Thursday, September 22, 2011

Borrow Kindle Library Books

I can't tell you how excited I am about's announcement that library books can now be checked out to a Kindle or Kindle app!

Borrow Kindle Books from Your Local Library

You can check out a Kindle book from your local library and read it on any generation Kindle device or free Kindle reading app.

When you borrow a Kindle public library book, you'll have access to all the unique features of Kindle books, including real page numbers and Whispersync technology that synchronizes your notes, highlights, and last page read. After a public library book expires, if you check it out again or choose to purchase it from the Kindle store, all of your annotations and bookmarks will be preserved.

Kindle books are available at more than 11,000 libraries in the U.S.

How It Works

You can borrow Kindle books from your local library's website and, with the click of a button, have them delivered to your Kindle device or free reading app.

• Visit the website of a U.S. library that offers digital services from OverDrive.

• Check out a Kindle book (using a valid library card).

• Click on "Get for Kindle" and then sign in to your account to have the book delivered to your Kindle device or reading app.

Note: Public library books can be sent wirelessly to Kindle devices via an active Wi-Fi connection or transferred via USB.

Kindle for Public Libraries: How It Works


For technical assistance and frequently asked questions, please visit the Help page.

For questions about availability of Kindle library books, loan duration, and terms of use, please contact your local library.

We welcome your feedback at
I'm so excited that I've already put 5 Kindle books on hold with my local library:

Thursday, September 8, 2011

That Used to Be Us: How America Fell Behind in the World and How We can Come Back

That Used to Be Us: How America Fell Behind in the World It Invented and How We Can Come BackJust got to read a sneak preview of Thomas L Friedman's new book That Used to Be Us: How America Fell Behind in the World and How We can Come Back:
Alexis de Tocqueville was a French aristocrat, born in 1805, who visited the United States in 1831 and 1832 with the intention of studying its prisons. In 1835 he published Democracy in America, based on his travels and investigations. Of all the thousands of books written about this country, Tocqueville's remains one of the best, with insights into American society, American values, American institutions, and the American national character that remain valid and relevant 175 years later.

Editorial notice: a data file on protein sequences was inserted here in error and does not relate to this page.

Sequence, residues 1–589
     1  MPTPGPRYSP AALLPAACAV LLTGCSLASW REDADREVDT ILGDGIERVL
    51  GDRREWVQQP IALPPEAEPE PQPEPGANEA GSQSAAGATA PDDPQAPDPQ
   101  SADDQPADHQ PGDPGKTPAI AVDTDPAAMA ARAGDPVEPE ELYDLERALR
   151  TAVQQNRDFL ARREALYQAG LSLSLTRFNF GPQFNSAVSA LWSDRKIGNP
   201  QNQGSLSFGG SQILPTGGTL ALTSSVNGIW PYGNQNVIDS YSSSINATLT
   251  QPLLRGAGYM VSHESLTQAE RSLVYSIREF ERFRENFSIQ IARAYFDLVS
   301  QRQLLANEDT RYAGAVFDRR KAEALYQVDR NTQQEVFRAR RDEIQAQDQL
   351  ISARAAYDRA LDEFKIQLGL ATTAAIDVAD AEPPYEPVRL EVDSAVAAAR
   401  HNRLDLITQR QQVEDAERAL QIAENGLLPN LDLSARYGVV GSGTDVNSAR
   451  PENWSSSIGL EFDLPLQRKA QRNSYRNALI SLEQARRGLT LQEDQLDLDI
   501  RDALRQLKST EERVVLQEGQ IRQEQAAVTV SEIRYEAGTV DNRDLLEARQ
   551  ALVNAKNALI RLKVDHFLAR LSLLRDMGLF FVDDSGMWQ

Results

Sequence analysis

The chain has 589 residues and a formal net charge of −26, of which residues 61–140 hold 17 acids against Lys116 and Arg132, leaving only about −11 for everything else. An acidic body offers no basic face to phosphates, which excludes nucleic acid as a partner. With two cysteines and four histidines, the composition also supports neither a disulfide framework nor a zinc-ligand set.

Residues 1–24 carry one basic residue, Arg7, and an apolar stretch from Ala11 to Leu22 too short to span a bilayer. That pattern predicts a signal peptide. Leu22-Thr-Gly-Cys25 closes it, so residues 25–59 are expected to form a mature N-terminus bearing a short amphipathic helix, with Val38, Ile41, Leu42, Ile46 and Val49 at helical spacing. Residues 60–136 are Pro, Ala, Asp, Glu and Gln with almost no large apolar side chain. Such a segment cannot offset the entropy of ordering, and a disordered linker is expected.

Suppose that Tocqueville, with his intellectual gifts and powers of analysis, had been born in, say, 1970. His aristocratic background would have had no bearing on his career. He probably would have gone to one of France's elite schools but might not have taken part in French politics, as the original Tocqueville did. Nor would he necessarily have joined, and risen in, the country's national bureaucracy, as men of his caliber did for much of the twentieth century but did less frequently at that century's end. Instead, he might well have continued his education abroad. He might have studied history at an English university, spent a few years in Asia, earned a degree from Harvard or Stanford business school, and then done what many people with a cosmopolitan background and analytical gifts did at the end of the twentieth century and the beginning of the twenty-first: join an international consulting firm.
Suppose, further, that that firm was commissioned by a large multinational corporation to prepare, under Tocqueville's direction, an assessment of the United States as a place in which to invest and to do business in the second decade of the twenty-first century and beyond. The report that emerged from that assessment would be the work of many hands, filled with charts, graphs, statistics, and PowerPoint presentations. Tocqueville himself would likely write the conclusion, based on his own travels, conversations, and ruminations. We think it might read something like this:
Click here to continue reading a PDF version of the chapter "Shock Therapy" from That Used to Be Us: How America Fell Behind in the World and How We can Come Back.

Can't wait to get my hands on a copy!

Saturday, August 6, 2011

Ellen Feldman's Next to Love

I'm excited to read Ellen Feldman's Next to Love:
Set in a small town in Massachusetts, Next to Love follows three childhood friends, Babe, Millie, and Grace, whose lives are unmoored when their men are called to duty. Beautifully crafted and unforgettable, Ellen Feldman skillfully depicts the enduring power of love and friendship, and illuminates a transformational moment in American history.
She's also the author of Scottsboro, The Boy Who Loved Anne Frank, and Lucy.

Thursday, July 21, 2011

Books for the Buddhism Curious

Interested in Buddhism? Then check out this exhaustive list of books that brought people to Buddhism:
I've read many of these books, but I've never read Kerouac. Seeing two of his books on this list makes me think I should pick one up.